Get a clue.

          • “That’s A SEVENTEEN YEAR PERIOD. Since the highest level of foreclosure incidence is within the first year of ownership (loans after that are dubbed “seasoned’) are you telling me that a mortgage originated in 1995 posed a foreclosure risk TEN YEARS LATER after the homeowner first moved in? Hardly.”

            I think that you need a lesson in logic. There will be few foreclosures when the price of housing is going up because those that can’t afford the mortgage payments will simply sell and take a profit. The true damage done by a stupid program like the CRA becomes apparent only when the housing market shows a price decline or is stagnant for a few years.

            People need to stop making excuses for what was obviously a terrible program. Markets need to work properly and the sooner government learns that meddling has unintended consequences the better things will be.

          • re: CRA – the goal of CRA was to require banks who took deposits from a neighborhood to make loans to the same neighborhood – something that some think was a right-minded idea and others disagree with but CRA made very few of the sub-prime loans and most if not all of the CRA banks were FDIC.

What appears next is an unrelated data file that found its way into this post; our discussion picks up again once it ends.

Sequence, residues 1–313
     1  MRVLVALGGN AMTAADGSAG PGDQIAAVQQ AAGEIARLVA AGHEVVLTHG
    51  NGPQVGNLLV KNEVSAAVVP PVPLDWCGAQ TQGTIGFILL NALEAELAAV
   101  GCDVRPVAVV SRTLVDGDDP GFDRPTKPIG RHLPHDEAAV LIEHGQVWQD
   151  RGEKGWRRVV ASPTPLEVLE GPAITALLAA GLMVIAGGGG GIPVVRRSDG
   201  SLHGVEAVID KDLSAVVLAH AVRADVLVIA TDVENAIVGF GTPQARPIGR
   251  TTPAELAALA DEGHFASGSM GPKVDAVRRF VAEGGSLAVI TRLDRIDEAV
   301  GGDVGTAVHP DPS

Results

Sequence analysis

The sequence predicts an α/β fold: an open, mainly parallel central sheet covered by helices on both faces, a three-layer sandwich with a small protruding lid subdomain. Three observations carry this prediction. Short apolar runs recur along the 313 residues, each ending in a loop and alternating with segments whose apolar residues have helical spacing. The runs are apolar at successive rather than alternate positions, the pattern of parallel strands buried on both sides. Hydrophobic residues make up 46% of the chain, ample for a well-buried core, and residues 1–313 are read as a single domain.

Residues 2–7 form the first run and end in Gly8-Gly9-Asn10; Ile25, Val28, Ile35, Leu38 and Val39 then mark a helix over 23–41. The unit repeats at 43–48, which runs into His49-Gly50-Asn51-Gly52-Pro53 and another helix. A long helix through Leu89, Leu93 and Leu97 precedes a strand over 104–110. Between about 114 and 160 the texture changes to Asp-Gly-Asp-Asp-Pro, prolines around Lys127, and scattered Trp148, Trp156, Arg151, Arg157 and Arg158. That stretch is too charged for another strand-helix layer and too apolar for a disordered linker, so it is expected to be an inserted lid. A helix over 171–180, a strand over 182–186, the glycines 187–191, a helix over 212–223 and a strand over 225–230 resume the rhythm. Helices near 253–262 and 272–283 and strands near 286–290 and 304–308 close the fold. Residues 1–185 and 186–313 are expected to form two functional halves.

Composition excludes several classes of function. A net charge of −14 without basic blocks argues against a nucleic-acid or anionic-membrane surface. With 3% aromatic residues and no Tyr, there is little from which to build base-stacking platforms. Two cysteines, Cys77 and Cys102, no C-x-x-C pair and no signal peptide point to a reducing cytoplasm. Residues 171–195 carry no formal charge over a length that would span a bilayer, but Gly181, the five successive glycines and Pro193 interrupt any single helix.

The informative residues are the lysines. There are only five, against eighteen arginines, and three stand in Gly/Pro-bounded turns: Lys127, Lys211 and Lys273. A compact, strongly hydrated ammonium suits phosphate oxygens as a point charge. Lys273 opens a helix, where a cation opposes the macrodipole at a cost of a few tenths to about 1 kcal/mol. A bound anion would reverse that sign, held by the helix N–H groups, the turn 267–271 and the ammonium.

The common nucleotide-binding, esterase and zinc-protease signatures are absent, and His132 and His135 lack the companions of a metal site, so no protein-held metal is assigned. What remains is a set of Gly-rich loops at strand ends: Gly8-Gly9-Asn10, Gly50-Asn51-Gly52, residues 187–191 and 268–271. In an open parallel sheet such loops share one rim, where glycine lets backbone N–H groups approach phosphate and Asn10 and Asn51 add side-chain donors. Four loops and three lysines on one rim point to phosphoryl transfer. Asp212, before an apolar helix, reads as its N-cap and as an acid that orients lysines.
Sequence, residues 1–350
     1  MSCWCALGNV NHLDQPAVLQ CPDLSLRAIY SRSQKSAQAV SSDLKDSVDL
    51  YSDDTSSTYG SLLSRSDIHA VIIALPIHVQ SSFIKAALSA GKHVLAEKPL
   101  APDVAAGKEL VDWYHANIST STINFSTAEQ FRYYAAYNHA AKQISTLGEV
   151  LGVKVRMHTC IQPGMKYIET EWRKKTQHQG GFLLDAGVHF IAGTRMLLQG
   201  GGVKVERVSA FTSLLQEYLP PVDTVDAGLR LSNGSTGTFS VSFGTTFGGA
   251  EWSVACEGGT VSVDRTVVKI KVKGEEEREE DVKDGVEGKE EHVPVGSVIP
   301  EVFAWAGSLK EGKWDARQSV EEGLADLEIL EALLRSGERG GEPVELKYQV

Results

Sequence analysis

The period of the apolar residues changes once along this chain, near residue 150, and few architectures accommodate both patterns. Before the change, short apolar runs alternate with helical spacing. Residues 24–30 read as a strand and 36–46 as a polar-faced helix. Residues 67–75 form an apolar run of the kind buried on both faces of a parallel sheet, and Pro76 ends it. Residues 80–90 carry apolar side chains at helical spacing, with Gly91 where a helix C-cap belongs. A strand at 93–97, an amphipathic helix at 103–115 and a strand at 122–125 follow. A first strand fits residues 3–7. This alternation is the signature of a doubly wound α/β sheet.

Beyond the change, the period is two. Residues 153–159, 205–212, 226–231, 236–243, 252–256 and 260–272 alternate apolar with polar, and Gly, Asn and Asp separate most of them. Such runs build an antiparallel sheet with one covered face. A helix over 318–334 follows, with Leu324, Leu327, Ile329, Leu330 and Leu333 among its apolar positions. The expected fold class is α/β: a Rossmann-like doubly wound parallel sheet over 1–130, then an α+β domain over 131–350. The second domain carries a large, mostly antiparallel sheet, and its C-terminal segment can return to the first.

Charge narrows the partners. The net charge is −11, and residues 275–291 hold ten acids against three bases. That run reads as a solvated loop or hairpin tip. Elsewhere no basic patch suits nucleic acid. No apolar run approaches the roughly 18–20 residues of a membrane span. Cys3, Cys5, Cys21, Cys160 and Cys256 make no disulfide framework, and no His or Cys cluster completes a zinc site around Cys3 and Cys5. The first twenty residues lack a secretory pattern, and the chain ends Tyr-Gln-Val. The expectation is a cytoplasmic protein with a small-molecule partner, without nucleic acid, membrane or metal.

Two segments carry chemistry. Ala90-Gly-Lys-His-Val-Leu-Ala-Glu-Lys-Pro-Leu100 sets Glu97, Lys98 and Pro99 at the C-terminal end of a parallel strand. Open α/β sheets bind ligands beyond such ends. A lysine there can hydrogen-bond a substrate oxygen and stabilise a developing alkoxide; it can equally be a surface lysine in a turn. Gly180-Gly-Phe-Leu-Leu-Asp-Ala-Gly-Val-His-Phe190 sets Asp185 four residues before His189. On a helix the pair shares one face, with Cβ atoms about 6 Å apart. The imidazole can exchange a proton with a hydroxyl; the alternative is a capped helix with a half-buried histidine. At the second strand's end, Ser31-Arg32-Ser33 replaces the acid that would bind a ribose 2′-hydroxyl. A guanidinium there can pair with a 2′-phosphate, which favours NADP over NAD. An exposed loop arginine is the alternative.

the problem here is the dishonest portrayal of CRA relative to the sub-prime issue which involved NOT CRA banks and not FDIC banks but independent and largely unregulated mortgage lenders that were not banks.

            The CRA thing has become an ideological myth that continues despite ample evidence that CRA was but a very small part of the sub-prime loan debacle.

            the fact that people continue the CRA narrative indicates that they are more concerned with how the narrative fits their ideological views than real facts.

          • …the goal of CRA was to require banks who took deposits from a neighborhood to make loans to the same neighborhood – something that some think was a right-minded idea and others disagree with but CRA made very few of the sub-prime loans and most if not all of the CRA banks were FDIC….

            What is ‘right minded’ about making reckless loans to people who have a bad credit history? Depositors expect their money to be returned to them, not to be gambled away by people who have incentives to be reckless.